Yandex Food Leak, Helping Ukrainian Refugees Stay in the United States, Ukrainian military Oscars, More: Ukraine Update, April 2, 2022


Bellingcat: Food Delivery Leak Unmasks Russian Security Agents. “Russian tech giant Yandex has blamed one of its employees for the hacking and subsequent leak of data from Yandex Food, a popular food delivery service in Russia. Among the many users affected are serving agents of Russia’s security services and military, who in several cases even ordered food to their places of work using their official email addresses.”

Deseret News: One month ago she woke up to a missile attack. Now, this teen is helping other Ukrainians stay in the U.S.. “On Thursday, Utah-based tech company SixFifty launched a new tool that effectively automates the incredibly long application for both temporary protected status and asylum. Founder and CEO of SixFifty Kimball Parker likens it to TurboTax — anyone looking to apply needs to enter personal information like a name and address, and the automated tool does the rest, translating the entries from Ukrainian to English. The applicant is later emailed a copy of their forms, whether it’s for asylum or temporary protected status. Parker says it’s best to apply with an attorney present, but it’s not necessary.”


Deadline: Google Tells Publishers They May Be Demonetized For Certain Ukraine War Content. “A message sent late on Friday warned publishers that the demonetization extends to ‘claims that imply victims are responsible for their own tragedy or similar instances of victim blaming, such as claims that Ukraine is committing genocide or deliberately attacking its own citizens.’ Google also indicated that it may also demonetize for other reasons.”

CryptoPotato: Crypto Donations to Ukraine Top $100 Million. “As the war in Ukraine unfolds, the international cryptocurrency community has raised millions in donations to support its people. At present, the number of tallied funds raised for the invaded nation tops $100 million.”


Jerusalem Post: In ‘Ukrainian military Oscars,’ Ukraine mocks Russia and promotes its army . “Ukraine has been using memes and humor on state social media accounts in its information warfare strategy during the Russia-Ukraine War, and its state social media accounts were notable prior to the war for their effective use of memes to advocate foreign policy positions. Many of the selections for the ‘Ministry of Defense of Ukraine Oscars’ utilizes pre-existing wartime memes and symbols used by Ukraine and its supporters.”

Grid: ‘A gruesome way of accounting’: The politics of body counts in Ukraine. “The use of casualties for political benefit has been particularly evident in this conflict — given that Ukraine has outside support in this element of the ‘information war’ and the extent to which Russia is doing everything possible to hide or minimize the truth of what is happening to its soldiers.”

Radio Free Asia: How Russia’s disinformation on Ukraine is spreading to democratic Taiwan, via China. “Russian and Chinese disinformation about Ukraine, which is ideologically linked to ruling Chinese Communist Party (CCP) propaganda on Taiwan, is breaking through into online discourse on the democratic island, a fact-checking organization based there has said.”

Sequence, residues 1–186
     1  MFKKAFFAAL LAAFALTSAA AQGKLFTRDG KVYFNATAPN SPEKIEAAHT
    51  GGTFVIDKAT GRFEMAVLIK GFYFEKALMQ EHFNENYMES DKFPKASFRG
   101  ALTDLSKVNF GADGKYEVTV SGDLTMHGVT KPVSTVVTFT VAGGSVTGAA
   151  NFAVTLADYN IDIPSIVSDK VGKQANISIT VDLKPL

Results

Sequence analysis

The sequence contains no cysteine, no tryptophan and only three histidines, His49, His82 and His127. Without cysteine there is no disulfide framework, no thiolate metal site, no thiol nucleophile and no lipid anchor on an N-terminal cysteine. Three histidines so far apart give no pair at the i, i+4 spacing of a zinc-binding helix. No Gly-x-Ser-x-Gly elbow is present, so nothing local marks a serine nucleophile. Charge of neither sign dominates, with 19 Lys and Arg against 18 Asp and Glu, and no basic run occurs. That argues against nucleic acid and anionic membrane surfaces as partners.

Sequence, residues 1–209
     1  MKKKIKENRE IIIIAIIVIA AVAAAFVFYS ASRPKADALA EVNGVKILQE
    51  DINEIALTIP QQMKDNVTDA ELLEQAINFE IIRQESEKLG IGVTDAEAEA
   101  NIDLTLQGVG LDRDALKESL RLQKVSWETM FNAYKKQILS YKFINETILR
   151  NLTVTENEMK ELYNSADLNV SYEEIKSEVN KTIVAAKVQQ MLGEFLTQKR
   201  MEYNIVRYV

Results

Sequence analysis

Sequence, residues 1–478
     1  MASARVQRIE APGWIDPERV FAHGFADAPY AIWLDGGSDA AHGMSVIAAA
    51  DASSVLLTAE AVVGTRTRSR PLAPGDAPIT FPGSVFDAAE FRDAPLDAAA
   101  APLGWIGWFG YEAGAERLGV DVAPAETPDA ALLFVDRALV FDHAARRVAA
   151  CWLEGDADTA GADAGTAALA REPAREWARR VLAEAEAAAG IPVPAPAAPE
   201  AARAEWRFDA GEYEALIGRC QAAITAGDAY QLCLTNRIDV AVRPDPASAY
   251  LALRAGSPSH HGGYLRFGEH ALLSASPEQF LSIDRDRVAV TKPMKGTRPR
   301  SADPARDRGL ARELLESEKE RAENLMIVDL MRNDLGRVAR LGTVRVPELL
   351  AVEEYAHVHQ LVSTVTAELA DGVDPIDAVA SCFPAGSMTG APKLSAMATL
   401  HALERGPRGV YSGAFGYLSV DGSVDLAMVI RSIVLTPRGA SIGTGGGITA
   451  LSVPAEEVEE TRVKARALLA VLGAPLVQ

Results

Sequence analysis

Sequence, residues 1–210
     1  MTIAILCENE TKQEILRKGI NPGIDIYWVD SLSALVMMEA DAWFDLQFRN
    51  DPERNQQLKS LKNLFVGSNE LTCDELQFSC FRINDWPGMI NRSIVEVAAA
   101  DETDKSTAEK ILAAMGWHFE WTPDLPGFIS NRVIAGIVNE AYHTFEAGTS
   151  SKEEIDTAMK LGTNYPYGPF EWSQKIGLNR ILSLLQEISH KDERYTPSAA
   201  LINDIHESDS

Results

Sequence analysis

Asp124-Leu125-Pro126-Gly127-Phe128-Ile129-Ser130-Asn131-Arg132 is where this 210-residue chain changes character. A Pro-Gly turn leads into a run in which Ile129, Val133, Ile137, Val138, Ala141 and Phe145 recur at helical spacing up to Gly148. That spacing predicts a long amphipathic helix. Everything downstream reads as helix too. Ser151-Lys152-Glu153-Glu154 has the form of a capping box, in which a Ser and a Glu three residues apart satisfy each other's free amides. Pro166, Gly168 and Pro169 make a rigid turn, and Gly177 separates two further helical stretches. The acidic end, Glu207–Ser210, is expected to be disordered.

Global News: Canadian intelligence flags Russian disinformation campaigns amid Ukraine war. “Canada’s electronic espionage agency is warning that Russian state-backed actors are seeding online disinformation around the Kremlin’s invasion of Ukraine. While the news comes as no surprise to those familiar with Russian information warfare tactics, publicly releasing an assessment based on classified intelligence gathering is an unusual step for the Communications Security Establishment.”

Kyodo News: Japan ramps up online messaging on Ukraine to prepare for hybrid war . “Japan’s Defense Ministry has been ramping up its messaging on social media over Russia’s invasion of Ukraine as it tries to prepare for ‘hybrid warfare,’ which combines conventional weapons and information warfare such as the manipulation of public opinion.”


Task & Purpose: The real reason Ukraine’s information war is so successful. “Just as surprising as the current state of the ground war is how Ukraine has adeptly defended against Russian information warfare efforts. The current debate now is whether Ukraine has gone even further and achieved supremacy in the information domain; this is a reality that a month ago seemed unlikely, as Russia’s use of information and hybrid warfare to achieve its strategic objectives was regarded as vastly superior to that of Ukraine’s. The tables have turned. It’s also clear that Ukraine is engaging in propaganda to highlight its military successes, rather than its failures. Information doesn’t exist in a vacuum, however, and any praise or critique of the Ukrainian information warfare effort should consider that it is their current successes on the ground that are leading to victories in the information domain.”

The Lowy Institute: Ukraine: This isn’t the information war you were looking for. “The war in Ukraine has illustrated how cyber and information warfare are primarily grey zone tools and arenas. We should stop thinking of grey zone activity as an ill-defined period between or leading into kinetic conflict. Rather, the grey zone is the constant backdrop against which conflict occurs, interacting with events. It is characterised by noise, turbulence and confusion. Waiting for clarity or clear space – or a point of culmination – misinterprets the nature of the information environment.”

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